Paper, Paper, Paper


So paper…without it I would have a lot of pretty, but otherwise unrelated items in my studio. Millions of dollars annually (and maybe secretly) are being spent on different types, shapes, sizes, and colors of awesome paper products for everything from text books to scrapbooks. My husband would have you believe that I single handedly keep the decorative paper industry afloat, but I assure you that it is not the case. I do however, have some options for projects and I have to store them…somehow.

Best Craft Organizer makes both small and large paper racks that can store paper at an angle or level (depending on how you arrange the pegs). I have the small shelves stacked one on top of the other and that seems to work well for my open cardstocks. For my papers, like many things, I’ve found that if I can’t see it, I won’t use it. While stockpiling tons of specialty papers is fun, I’d rather use them than shove them in a drawer. You heard me…I literally had drawers of paper. It was a pain to get into them and I avoided the papers that I couldn’t reach (and then promptly forgot about them). So I decided to try a few different methods of sorting my papers into shelves. I had iris containers full of paper pads in 12 x 12. I’ve moved most of my papers into shelves from Stamp-n-Storage and Best Craft Organizer.

Stamp-n-Storage 12×12 Paper Holder

The Stamp-n-Storage paper shelves are sturdy wooden shelves that lend themselves well to stacking. Some crafters prefer to store them on their end as opposed to horizontal, but maybe I’m a traditionalist.

They make shelves to hold 12×12 and 8.5×11 paper, though I prefer to buy 12×12 shelves for both sizes because if gives me the greatest amount of flexibility. I purchased several that sit stacked on top of each other and they support the weight well. For those with Ikea Expedit or Kallax shelving, they make sizes specifically to fit these units.

Best Craft Organizer Paper Rack – Small

Best Craft Organizer makes both small and large paper racks that can store paper at an angle or level (depending on how you arrange the pegs). I have the small shelves stacked one on top of the other and that seems to work well for my open cardstocks.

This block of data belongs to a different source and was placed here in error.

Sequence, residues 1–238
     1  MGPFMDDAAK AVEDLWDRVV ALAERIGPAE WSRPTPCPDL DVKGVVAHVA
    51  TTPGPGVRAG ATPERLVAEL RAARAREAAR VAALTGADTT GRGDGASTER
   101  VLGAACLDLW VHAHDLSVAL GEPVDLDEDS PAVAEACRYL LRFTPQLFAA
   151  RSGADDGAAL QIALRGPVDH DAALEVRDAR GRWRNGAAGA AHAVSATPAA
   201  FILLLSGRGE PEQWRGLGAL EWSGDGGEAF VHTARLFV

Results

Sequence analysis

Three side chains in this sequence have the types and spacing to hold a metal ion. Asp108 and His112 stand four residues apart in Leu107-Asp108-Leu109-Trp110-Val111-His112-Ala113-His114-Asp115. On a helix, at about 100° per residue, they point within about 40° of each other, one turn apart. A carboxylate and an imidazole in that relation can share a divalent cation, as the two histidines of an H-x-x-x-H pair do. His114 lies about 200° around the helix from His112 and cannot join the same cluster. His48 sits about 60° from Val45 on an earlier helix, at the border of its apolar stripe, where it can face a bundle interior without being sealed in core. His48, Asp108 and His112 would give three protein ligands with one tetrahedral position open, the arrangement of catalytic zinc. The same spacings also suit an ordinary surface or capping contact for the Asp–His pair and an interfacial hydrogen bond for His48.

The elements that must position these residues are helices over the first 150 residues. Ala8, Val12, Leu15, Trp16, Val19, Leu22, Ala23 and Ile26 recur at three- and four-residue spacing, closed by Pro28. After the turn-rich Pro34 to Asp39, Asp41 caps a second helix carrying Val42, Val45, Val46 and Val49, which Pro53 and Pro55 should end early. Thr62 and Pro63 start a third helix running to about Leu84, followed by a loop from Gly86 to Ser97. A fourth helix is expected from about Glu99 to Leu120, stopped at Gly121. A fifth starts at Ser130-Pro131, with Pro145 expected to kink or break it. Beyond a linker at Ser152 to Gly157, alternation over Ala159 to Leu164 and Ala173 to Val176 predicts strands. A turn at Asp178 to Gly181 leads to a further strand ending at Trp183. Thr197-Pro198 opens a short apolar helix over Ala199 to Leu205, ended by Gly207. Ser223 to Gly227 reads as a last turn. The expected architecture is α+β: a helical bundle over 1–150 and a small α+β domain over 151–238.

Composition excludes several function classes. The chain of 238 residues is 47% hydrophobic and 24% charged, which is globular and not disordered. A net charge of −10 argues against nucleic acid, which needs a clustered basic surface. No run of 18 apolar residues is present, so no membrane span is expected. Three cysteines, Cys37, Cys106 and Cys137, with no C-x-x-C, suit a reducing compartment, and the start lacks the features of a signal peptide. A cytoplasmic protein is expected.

For my smaller sizes (4×6 and 6×6), I use a method I borrowed from Jennifer McGuire Ink. She’s using Interdesign acrylic bins to organize her stamps and dies and I’ve adapted that method for my smaller paper packs. I can flip through them easily, use what I want, then return the rest.

At the end of a project, I’ve found that the best way to get a handle on the craftermath (yep, I said it) is to have a simple way to deal with my paper scraps. I’m reusing IRIS containers that I used to use for my stamps to hold scrap paper by color family. I can pull out the thin container, easily find a scrap for die cutting or stamping and then sweep the rest of the larger scraps back into the container. Easy, peasy.

How do you store your paper? Do you have a better way? I’d love to here about it! Leave a comment. Want to see what I do with all of that paper? Visit my Etsy store, here.

Keeping Crafts Organized

ink header There are so many tools and supplies available for crafting that the sky would seem to be the limit. In actuality,  that limit is more likely to be the size of your crafting space. I’ve scoured the internet searching for what I thought might be the very best ways to store my tools and supplies in a fashion that keeps them both organized and accessible.

1350958902036Yep, its hard to hard to believe that space used to be what I used for crafting. I started out just making cards for my grandmother because they made her smile. No matter the occasion, if there was a stamp or sticker that fit, another card was in the mail. As you can imagine, I accumulated supplies very quickly that way. I stored what I had in small plastic containers that stayed stacked on the floor near my table until I had a formidable pile of plastic containers.

Eventually, I made some changes…and then more changes as my family crafting project transformed into a business. My studio today is an ever-evolving place of papercrafting that I adore. Its my place of creative inspiration, sanity, and peace (even if there is a baby jumper near my desk).

The Cards You “Keep, Keep”